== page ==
Tragedy Meets Wine Irony in New Zealand

Plus, Domaine Clarence Dillon supports the Clinton Foundation for the president's 65th birthday and a best-selling Japanese wine comic gets its U.S. debut
Oct 13, 2011

• Disaster has struck the coast of New Zealand, and to a considerably smaller extent, one Marlborough winery. Last week, the 775-foot long, 50,000-ton cargo ship the Rena ran aground of a reef as it was leaving New Zealand. On board the ship were 4,000 cases—worth nearly $1 million—of Astrolabe Sauvignon Blanc. The name of the reef upon which the Rena remains stuck? Also Astrolabe. And the cruelest irony of all: An astrolabe is a navigational instrument that dates back more than 2,000 years, and which might have helped avoid this whole catastrophe. Astrolabe general manager Jason Yank (who is referred to on the winery's website as "the captain of the ship"—will the irony ever stop?!) was scrambling to send another 2,800 cases of wine to Ireland this week, where the Rena's wine cargo had been destined. The U.K. is an important market for New Zealand, and this shipment was expected to fill holiday demand. "All I'm concerned with at the minute is making sure the Irish market has their Astrolabe for Christmas," Yank told New Zealand's Stuff.co.nz. "You don't want to upset the Irish."

But there are much more serious concerns than just spilled wine. The Rena is slowly breaking in half as it rocks back and forth on the reef and is spilling heavy fuel into the Bay of Plenty on the eastern shore of New Zealand's North Island. The oil slick has affected about 25 miles of coastline so far and more than 500 birds have been found dead. Environmental workers are treating four seals and dozens of birds, including 13 dotterels (let us save you the trouble—it's a near-extinct shorebird; this shouldn't help matters) for oil exposure. No humans were injured but the captain and first mate were arrested for the maritime equivalent of reckless driving. Tugboats are attempting to hold the boat on to the reef while crews work to extract the remaining fuel from the vessel, but the process could take another five days or longer. Meanwhile, oil isn't the only thing heading to shore. At least 80 shipping containers are afloat and have begun washing up on the beaches. So besides Sauvignon Blanc, what else might be washing up on Mt. Maunganui beach? Partially-cooked beef patties, dairy products, animal pelts and timber. The securely screw-capped Sauvignon Blanc is probably fine; please do not pair it with the beef patties and dairy products.

President Bill Clinton, whom Unfiltered last saw serving Clinton Corners Seyval Blanc to daughter Chelsea's wedding guests (and residents of Rhinebeck, N.Y., who were inconvenienced by the high-profile festivities), celebrates his 65th birthday tomorrow. He'll mark the occasion, and the 10th anniversary of his eponymous charitable foundation, with a gala event at Los Angeles' Hollywood Palladium. Some might say that special guest Stevie Nicks will be the main attraction at the fund-raising bash, but Unfiltered is more interested in a particular auction lot: two custom wine consoles containing eight bottles each of Château Haut-Brion. The reds include 1935, 1945, 1959, 1961, 1975, 1989, 1990 and 2009 vintages from the esteemed first-growth, and the whites include 1969, 1976, 1983, 1989, 1994, 2003, 2005 and 2007. (This is the second in a series of charity auctions in which the highly limited-edition consoles are being sold—check out the link for a picture.) The highest bidder will also receive a half-case each of 2010 Château Haut-Brion white and red next fall, when it is bottled. The consoles were designed by Prince Robert de Luxembourg, whose family-owned business, Domaine Clarence Dillon, purchased Château Haut-Brion in 1935 and Château La Mission-Haut-Brion in 1983. The lot is valued at $460,000; a mighty donation to his foundation that should ease the blow of Clinton's becoming an official senior citizen.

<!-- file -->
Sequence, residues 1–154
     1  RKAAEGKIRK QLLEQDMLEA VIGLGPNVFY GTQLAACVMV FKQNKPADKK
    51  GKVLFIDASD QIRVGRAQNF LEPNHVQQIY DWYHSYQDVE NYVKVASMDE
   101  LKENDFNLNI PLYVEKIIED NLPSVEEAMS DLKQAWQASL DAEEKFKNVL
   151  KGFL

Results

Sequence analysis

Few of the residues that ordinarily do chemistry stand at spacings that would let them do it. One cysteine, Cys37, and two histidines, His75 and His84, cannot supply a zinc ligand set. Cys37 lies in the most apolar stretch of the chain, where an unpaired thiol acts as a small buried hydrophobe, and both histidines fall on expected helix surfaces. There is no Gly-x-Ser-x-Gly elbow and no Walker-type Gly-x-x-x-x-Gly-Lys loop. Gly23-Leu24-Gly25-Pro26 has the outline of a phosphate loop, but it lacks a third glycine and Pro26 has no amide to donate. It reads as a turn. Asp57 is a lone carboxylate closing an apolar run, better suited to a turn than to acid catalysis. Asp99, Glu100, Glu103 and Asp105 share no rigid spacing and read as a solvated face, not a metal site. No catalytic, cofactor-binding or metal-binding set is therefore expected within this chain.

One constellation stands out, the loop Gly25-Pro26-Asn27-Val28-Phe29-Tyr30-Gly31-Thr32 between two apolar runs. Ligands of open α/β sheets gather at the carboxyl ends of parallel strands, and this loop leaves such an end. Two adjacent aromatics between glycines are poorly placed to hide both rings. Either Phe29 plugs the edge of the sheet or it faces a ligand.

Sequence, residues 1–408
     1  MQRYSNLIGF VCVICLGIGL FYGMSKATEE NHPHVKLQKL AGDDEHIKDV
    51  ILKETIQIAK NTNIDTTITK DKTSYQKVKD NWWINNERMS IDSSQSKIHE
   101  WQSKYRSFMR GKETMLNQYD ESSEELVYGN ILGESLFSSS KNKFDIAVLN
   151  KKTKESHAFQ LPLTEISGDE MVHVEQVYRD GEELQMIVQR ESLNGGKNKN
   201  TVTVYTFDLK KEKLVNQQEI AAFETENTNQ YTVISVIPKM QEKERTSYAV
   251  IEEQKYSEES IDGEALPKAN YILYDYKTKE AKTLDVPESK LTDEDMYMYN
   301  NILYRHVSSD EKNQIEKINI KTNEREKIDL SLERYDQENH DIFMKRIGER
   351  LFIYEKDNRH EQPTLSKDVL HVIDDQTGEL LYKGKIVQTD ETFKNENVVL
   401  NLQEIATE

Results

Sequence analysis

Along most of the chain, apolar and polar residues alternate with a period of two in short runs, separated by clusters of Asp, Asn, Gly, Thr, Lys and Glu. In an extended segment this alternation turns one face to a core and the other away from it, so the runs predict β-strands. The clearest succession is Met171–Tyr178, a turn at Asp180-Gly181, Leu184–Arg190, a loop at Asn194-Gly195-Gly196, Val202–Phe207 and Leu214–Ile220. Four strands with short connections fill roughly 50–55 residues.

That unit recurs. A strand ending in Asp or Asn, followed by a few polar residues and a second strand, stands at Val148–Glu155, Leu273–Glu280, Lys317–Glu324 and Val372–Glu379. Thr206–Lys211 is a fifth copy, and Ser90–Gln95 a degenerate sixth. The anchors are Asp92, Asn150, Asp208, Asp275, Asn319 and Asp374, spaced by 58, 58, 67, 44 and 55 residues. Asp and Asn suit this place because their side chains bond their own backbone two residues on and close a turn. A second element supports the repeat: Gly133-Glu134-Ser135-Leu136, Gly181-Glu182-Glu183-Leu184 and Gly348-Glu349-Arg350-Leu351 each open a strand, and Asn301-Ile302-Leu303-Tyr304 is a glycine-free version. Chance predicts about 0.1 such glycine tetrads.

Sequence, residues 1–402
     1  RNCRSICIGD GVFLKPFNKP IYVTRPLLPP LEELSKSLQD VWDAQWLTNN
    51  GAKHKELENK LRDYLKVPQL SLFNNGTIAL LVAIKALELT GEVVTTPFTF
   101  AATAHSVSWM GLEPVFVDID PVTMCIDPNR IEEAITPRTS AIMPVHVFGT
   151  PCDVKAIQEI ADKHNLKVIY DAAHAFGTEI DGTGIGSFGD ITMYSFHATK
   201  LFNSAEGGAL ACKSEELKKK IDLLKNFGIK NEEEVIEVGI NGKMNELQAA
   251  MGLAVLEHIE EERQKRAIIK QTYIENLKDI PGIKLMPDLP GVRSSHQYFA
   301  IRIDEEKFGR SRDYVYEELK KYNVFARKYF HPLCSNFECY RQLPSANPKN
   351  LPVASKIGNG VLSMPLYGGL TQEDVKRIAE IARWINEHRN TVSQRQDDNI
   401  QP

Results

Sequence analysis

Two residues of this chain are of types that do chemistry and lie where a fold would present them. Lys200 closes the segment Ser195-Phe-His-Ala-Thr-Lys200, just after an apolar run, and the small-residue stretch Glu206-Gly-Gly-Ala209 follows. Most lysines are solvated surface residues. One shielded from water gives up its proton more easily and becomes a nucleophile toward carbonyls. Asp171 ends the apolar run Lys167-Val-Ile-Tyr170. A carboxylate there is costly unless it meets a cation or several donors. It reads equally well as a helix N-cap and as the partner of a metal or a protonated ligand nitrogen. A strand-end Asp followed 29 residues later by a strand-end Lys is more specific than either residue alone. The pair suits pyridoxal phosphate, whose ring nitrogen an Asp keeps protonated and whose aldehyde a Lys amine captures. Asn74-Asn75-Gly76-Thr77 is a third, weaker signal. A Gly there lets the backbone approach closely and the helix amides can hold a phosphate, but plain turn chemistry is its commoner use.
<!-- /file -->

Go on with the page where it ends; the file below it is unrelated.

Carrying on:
• "The two of them were still too young to understand each other’s feelings … just like the finest wines are sometimes mistaken for poor ones when they’re drunk too early." No, your latest issue of Wine Erotica has not arrived in the mailbox today, sit back down. This, rather, is a line from Drops of God, a Japanese comic book series by Tadashi Agi (pen name of a brother/sister writing team) and illustrator Shu Okimoto. It's hugely popular in Asia and finally available in English translation as of last week (Vertical, $15). The wine comic book is a classic fable of two brothers who must compete in a 12-part taste-off to determine which wins their departed father’s mega-cellar. One brother—adopted just days before the father's death—is a rising wine critic, but the kind who says things like “Poured onto a woman’s fair skin, it truly does resemble blood,” while pouring wine over a woman’s backside. The “good” brother, to spite Dad, became a beer salesman (murder most foul!). The reader learns about (mostly super-premium) wine alongside the prodigal son, who has some catching up to do. Mostly, it is a heartwarming yarn of sex and death (plus wine). For a taste of the adventures awaiting the reader, Unfiltered has selected a few choice quotes from our already-well-thumbed copy that may come in use at your next wine tasting:

"This caviar is too salty for the delicate taste of Salon!"

"This wine is sensuality itself. A blood-scented sensuality born of decadence."

"Pitch black … A demonic darkness resides in this wine."

"It's powerful but I also felt a melting sweetness and a sharp rush of sourness. Just as the soft, husky vocals of Queen are wrapped in deep guitar sounds and heavy drums."

"For those two clowns, [Mouton-Rothschild] would be beyond reach. [whispered] They seem poor."

And Unfiltered's favorite: "So … we meet again. This will be the day I drink you."

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